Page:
A few years ago, when I still lived in Brooklyn, I was introduced by a friend to what has since become one of my favorite and most-used recipes, for a blended black bean soup (I’ve never been a big fan of thin, liquidy soups or too-chunky ones). The best part is, he completely improvised it. One Super Bowl Sunday, as he toiled over the stove in the Park Slope apartment I shared with a friend, preparing to feed a hungry bunch of passive football fans who were more interested in his menu than the game, I observed from behind, frantically scribbling a list of ingredients and steps that went into making this amazing soup, which he’d made for us on one prior occasion. The directions are at some points difficult to read and frequently imprecise–there are no measuring cups or spoons, no units of weight to worry about–but that’s one of the things I love most about it. Sometimes, it turns out nice and mild. Other batches have left me teary-eyed and begging for the nearest cold beverage.
That recipe has traveled with me through three moves (including one from Brooklyn to Boston), tucked inside the front of my favorite cookbook. I’ve copied it down, e-mailed it, and made it over and over again for friends and family, and it’s always received with the same enthusiasm. It’s even become a Christmas Day lunch tradition with my family.
Naturally, when I learned that we’d be spending this weekend barricaded indoors by record-setting snowfall, I thought it the perfect occasion to make a pot of this glorious soup for my bf and me. I was right. After I finished making it, I let it sit on the stove for a bit as we bundled up and went outside to shovel snow and take a walk around our neighborhood. We came back home cold and wet, but a couple of bowls of black bean soup later and we were snug as bugs, watching the snow through our windows. I’m already looking forward to having leftovers today for lunch.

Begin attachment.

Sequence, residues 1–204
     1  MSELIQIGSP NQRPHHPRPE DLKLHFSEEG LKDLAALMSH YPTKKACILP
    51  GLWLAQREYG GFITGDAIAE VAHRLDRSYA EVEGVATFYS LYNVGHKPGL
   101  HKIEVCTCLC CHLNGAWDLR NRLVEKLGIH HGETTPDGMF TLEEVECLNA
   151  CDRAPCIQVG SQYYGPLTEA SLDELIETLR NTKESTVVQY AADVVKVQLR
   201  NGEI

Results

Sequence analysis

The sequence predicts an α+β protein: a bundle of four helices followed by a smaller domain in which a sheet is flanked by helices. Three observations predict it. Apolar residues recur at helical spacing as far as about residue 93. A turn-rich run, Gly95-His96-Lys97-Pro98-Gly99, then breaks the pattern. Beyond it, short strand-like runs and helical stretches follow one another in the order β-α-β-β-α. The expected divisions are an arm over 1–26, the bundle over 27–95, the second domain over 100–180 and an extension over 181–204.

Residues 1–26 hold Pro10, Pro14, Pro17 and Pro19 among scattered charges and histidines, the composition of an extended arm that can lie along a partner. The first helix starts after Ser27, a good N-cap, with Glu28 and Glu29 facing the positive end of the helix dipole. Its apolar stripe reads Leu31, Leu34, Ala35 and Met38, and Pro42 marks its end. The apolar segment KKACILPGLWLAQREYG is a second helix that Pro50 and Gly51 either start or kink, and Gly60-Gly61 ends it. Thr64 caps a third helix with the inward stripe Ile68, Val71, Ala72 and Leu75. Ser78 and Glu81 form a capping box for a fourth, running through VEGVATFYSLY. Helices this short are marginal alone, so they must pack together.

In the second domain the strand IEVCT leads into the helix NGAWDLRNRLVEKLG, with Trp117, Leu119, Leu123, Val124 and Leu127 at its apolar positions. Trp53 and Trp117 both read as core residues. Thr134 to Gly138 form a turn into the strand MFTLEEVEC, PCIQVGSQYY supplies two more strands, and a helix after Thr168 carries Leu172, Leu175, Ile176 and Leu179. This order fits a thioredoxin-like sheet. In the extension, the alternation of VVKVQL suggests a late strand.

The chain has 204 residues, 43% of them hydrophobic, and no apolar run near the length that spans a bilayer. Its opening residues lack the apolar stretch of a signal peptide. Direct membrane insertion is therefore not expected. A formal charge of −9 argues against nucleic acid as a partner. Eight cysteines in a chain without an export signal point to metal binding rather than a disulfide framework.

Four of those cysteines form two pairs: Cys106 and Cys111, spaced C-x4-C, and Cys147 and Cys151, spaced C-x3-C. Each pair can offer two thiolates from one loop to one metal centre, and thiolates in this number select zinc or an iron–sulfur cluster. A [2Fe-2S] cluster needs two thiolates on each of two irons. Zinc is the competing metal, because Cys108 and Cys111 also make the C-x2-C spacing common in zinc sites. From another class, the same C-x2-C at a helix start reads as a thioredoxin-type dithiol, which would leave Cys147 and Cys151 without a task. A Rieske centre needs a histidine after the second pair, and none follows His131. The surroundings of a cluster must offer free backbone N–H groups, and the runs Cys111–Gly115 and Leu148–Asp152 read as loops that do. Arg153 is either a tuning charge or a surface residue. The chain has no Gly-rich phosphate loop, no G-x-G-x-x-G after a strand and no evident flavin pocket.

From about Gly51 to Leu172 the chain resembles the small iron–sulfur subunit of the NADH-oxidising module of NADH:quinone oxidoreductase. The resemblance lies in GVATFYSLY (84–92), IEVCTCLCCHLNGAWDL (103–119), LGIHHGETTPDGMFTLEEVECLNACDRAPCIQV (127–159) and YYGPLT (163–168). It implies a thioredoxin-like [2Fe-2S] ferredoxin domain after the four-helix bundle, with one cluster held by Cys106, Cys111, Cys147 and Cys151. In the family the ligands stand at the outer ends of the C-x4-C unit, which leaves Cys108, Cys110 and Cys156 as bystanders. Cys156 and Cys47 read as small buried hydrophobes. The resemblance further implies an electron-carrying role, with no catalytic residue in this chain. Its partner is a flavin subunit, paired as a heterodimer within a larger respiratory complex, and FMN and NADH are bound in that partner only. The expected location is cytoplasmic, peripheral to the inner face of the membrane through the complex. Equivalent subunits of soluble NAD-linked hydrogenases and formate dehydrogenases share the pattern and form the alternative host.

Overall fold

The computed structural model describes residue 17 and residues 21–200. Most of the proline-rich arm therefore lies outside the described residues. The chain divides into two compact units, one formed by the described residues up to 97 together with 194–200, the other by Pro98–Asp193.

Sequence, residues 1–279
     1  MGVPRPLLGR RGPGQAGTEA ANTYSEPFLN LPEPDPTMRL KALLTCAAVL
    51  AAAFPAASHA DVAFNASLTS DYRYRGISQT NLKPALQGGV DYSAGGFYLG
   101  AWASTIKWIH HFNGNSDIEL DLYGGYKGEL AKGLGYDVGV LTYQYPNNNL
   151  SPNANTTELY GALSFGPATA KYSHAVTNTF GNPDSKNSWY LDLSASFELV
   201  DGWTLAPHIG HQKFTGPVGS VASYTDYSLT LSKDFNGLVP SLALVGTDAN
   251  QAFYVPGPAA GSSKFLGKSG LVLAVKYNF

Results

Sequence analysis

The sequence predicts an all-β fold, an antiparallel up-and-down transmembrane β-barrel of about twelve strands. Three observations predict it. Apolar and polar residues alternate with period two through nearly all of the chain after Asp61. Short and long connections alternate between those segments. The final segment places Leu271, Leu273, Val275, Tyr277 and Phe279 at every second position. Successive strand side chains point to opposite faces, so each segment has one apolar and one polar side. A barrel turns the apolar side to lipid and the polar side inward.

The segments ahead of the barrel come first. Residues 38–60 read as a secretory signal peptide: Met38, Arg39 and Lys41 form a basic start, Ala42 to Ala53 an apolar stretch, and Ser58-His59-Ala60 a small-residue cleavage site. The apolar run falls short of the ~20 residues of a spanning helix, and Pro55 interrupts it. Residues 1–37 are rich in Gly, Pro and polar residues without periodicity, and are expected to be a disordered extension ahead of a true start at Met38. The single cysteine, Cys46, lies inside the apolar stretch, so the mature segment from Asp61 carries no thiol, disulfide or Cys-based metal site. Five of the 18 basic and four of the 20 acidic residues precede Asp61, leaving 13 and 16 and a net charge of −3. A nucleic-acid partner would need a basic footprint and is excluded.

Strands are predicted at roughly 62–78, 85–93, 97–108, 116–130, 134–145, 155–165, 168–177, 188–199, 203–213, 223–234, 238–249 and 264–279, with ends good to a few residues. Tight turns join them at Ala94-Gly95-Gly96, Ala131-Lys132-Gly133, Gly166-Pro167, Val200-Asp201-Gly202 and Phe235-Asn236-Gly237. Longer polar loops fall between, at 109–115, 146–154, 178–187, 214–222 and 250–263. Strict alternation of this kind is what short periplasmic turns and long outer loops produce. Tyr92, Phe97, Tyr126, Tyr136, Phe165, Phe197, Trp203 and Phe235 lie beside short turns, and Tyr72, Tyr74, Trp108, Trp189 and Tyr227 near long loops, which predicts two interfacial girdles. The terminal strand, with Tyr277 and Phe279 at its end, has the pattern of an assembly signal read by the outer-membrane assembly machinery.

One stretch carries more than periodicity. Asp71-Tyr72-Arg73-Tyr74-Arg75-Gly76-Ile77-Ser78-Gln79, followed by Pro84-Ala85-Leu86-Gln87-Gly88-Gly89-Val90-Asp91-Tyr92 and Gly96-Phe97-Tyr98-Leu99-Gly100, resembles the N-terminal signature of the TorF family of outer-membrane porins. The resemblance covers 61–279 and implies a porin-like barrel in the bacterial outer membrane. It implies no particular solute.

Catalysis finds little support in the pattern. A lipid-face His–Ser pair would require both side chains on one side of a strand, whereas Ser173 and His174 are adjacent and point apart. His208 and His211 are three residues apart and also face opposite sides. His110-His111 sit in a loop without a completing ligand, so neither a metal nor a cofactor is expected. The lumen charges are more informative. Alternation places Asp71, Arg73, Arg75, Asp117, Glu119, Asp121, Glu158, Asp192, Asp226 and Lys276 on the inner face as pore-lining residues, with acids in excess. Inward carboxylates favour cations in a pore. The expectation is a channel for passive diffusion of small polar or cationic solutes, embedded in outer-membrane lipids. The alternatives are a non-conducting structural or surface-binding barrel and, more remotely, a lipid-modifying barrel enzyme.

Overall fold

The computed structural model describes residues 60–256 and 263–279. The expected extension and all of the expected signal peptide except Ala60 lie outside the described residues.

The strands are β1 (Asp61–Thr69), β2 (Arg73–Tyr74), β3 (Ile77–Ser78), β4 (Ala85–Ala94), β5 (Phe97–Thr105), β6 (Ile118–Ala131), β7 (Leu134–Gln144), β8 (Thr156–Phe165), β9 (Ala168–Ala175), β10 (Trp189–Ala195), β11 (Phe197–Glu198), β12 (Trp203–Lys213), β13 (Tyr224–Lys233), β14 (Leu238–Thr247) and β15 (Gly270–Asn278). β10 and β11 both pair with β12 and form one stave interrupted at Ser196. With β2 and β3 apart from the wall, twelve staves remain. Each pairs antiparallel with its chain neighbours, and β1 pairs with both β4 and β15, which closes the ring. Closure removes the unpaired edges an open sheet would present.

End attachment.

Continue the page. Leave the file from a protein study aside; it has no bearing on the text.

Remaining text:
*A few notes about this soup: it’s 100% vegetarian (the original recipe called for chicken broth, but I use vegetable broth and it’s absolutely delicious). The recipe also calls for half and half, but you can omit it to make the soup vegan. Last but not least, it’s gluten free when you swap in corn tortillas instead of flour ones. As for serving suggestions, a squeeze of lime or some diced avocado are superb accoutrements.
I hope you’ll try it, and I hope it becomes a favorite for you, too. Enjoy!
1 large white onion, chopped
1 large red bell pepper, chopped
Celery, chopped to equal onion and pepper piles
2 cloves of garlic, chopped
1 jalapeno, chopped and seeded (keep seeds and/or use 2 jalapenos for more heat)
1 Serrano pepper, chopped (and seeded, if desired; using the seeds adds more heat)
2 cans black beans, rinsed and drained
Salt and pepper to taste
Orange juice (no pulp)
1 carton of vegetable broth (or chicken broth if you prefer it)
1 package corn or flour tortillas
Canola oil (for frying)
Extra virgin olive oil
Sour cream (or fat-free plain Greek yogurt), for garnish
Heavy cream or Half & Half
Large soup pot
To make soup:
Coat the bottom of a large soup pot with a few tablespoons of olive oil. Add chopped vegetables and garlic and sautee on medium heat for 8 to 10 minutes or until veggies turn translucent. Add salt and pepper to taste. Once vegetables are translucent, add enough orange juice to cover the bottom of the pot (don’t cover/submerge the vegetables), and stir. Add 3/4 of the black beans, then turn heat to high and add the entire carton of vegetable or chicken broth. Bring to a boil. When mixture boils, turn heat down, cover pot, and simmer for 90 minutes, stirring every 20 to 30 minutes. After 90 minutes, remove lid, and blend contents of pot with immersion blender until soup is smooth. Add remaining 1/4 of black beans, and 1/2 or 1 cup of heavy cream or Half & Half. Stir.
To make tortilla strips:
(The number of tortillas you use is based on your preference. Any leftovers that don’t get eaten with the soup make great snacks later!) Stack tortillas and cut into uniform 1/2-inch strips. Fill a large skillet with about 1/2 inch of canola oil and turn heat to medium high or high. Once oil is hot, drop 5 or 6 tortilla strips in at a time, frying for a minute on each side, or until the strips are golden brown and become crispy. Use tongs to transfer strips onto a plate lined with a paper towel to absorb excess oil. Sprinkle with salt. Garnish each serving of soup with as many strips as you’d like.